It’s interesting to watch how media report the same story. Same facts. Different conclusions and emphasis.
Disregard editorials and op-eds. They’re opinionated by definition. Only consider the news pages. Also disregard media that wear their bias on their sleeve (Fox on the right, CNN on the left).
Look at the grand dames of American journalism — the New York Times and Wall Street Journal. Try as they might to stay above the partisan fray, bias sometimes creeps in.
At least in part, this reflects an increasing polarization of society — an attitude you must take sides and stand for something, or you stand for nothing.
Take coverage of the U.S. economic recovery. No question it’s been steady, if slow. But given the same numbers (GDP, jobless, consumer confidence), what’s reported can be very different in tone.
Recent composite samples:
Economic growth is up, but barely enough. (WSJ)
Economy continues steady expansion, slowly. (NYT)
The difference? Is the economy stumbling and in danger of slipping backward? Or is progress on a solid path that is likely to continue?
This isn’t splitting hairs. What people read or hear colors what they perceive. It determines how they define reality, what they hope to achieve, whether they believe their lives are getting better.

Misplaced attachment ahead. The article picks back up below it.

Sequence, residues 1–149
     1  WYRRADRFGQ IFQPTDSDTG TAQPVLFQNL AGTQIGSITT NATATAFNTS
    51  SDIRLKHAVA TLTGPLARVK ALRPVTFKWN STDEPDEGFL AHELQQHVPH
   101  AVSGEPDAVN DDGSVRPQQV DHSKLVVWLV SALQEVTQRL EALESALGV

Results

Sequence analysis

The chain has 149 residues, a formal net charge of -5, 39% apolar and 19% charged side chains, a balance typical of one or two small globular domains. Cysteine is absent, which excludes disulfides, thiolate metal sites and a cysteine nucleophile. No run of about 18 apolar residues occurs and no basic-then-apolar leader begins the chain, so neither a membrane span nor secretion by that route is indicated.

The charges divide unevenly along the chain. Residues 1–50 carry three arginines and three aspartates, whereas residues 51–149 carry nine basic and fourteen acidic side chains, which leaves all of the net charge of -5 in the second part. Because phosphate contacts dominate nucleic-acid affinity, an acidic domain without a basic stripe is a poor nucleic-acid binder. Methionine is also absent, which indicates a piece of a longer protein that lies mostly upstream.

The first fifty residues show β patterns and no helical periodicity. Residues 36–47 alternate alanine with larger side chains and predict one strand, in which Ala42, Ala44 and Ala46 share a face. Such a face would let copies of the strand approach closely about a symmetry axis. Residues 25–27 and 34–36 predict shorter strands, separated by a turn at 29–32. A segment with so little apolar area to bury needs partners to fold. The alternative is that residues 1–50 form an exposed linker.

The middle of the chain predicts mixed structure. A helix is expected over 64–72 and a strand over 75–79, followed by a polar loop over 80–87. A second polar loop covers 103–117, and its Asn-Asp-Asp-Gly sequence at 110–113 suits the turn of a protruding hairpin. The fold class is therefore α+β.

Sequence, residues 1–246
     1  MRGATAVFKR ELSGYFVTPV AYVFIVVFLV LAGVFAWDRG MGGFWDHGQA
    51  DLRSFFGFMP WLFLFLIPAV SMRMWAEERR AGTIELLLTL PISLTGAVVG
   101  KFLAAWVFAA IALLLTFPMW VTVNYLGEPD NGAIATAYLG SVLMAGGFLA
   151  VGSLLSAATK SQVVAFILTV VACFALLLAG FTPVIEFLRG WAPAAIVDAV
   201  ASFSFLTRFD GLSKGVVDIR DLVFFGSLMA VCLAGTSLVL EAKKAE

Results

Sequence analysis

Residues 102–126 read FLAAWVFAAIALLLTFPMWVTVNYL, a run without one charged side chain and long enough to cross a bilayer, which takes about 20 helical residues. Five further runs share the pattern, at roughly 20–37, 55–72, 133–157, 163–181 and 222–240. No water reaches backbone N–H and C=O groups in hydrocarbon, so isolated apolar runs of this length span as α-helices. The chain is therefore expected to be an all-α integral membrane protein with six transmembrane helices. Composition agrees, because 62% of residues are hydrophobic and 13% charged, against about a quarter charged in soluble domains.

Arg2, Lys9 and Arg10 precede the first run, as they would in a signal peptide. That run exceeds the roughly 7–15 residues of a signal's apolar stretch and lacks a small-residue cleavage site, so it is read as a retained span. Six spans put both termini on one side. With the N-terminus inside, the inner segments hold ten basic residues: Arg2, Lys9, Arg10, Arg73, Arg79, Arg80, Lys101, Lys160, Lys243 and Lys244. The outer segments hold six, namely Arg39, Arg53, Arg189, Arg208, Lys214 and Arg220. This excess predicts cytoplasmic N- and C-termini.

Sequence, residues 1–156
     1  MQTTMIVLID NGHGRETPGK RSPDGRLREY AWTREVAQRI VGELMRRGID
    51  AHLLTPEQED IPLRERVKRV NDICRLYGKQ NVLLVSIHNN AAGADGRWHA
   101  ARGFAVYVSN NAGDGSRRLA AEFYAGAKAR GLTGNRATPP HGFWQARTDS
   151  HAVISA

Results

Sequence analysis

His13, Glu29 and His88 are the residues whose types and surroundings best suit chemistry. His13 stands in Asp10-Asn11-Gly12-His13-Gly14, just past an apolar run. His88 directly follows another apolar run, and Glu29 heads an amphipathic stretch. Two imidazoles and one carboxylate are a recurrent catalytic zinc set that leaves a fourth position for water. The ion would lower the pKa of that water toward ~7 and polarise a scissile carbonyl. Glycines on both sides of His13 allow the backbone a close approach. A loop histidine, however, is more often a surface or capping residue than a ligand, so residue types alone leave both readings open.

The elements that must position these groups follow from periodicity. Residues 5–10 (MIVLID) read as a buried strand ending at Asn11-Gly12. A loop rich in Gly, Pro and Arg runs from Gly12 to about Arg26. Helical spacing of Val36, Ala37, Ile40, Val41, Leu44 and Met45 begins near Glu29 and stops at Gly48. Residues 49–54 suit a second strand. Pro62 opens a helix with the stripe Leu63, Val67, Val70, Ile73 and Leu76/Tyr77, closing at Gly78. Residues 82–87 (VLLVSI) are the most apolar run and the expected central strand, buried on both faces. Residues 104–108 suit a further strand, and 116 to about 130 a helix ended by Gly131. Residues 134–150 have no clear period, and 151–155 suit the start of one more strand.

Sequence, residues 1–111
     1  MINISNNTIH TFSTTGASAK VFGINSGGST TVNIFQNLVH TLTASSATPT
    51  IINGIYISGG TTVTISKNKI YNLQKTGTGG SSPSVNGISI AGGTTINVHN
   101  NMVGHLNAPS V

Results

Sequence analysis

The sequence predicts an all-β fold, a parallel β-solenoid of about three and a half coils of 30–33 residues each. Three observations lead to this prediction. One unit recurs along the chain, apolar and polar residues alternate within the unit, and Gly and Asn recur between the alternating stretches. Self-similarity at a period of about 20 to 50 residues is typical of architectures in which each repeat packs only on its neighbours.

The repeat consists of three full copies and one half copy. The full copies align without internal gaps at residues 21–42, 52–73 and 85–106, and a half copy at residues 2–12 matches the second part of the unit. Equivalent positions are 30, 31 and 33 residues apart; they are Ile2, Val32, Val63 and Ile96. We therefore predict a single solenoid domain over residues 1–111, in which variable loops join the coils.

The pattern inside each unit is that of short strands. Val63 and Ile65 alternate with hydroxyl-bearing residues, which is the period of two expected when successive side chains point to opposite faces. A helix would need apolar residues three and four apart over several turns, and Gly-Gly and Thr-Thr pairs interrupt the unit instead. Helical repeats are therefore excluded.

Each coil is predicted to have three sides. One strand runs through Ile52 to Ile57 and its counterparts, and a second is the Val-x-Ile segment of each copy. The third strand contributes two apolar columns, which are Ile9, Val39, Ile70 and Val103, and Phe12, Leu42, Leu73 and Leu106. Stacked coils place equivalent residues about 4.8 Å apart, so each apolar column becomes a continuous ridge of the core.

The more you control those perceptions, the more effectively you can manipulate. Politicians — and those with power and money — have realized this for ages. Demagogues and true-believers more so than most.
In a sad commentary on current politics, Tea Party groups in Tennessee published an open letter to U.S. Sen. Lamar Alexander, a conservative by almost anyone’s measure. The letter warned darkly that if Alexander ran for re-election, the Tea Party would do everything possible to defeat him because the nation “can no longer afford compromise and bipartisanship.”
What are we left with? Even the leading journalistic institutions are being infected by partisanship. And the political gulf seems so wide and unbridgeable that the most likely result is more paralysis.
Frightening prospects. For the public. For those of us who do Crisis & Reputation Management.
“Because Reputation Is Your Most Valuable Asset”
Gillott Communications is a Los Angeles-based public relations firm that specializes in high-stakes Crisis & Reputation Management. If you don’t already subscribe, please sign up for our blog Insights on High-Stakes PR. You can reach Roger Gillott directly at 310-826-8696.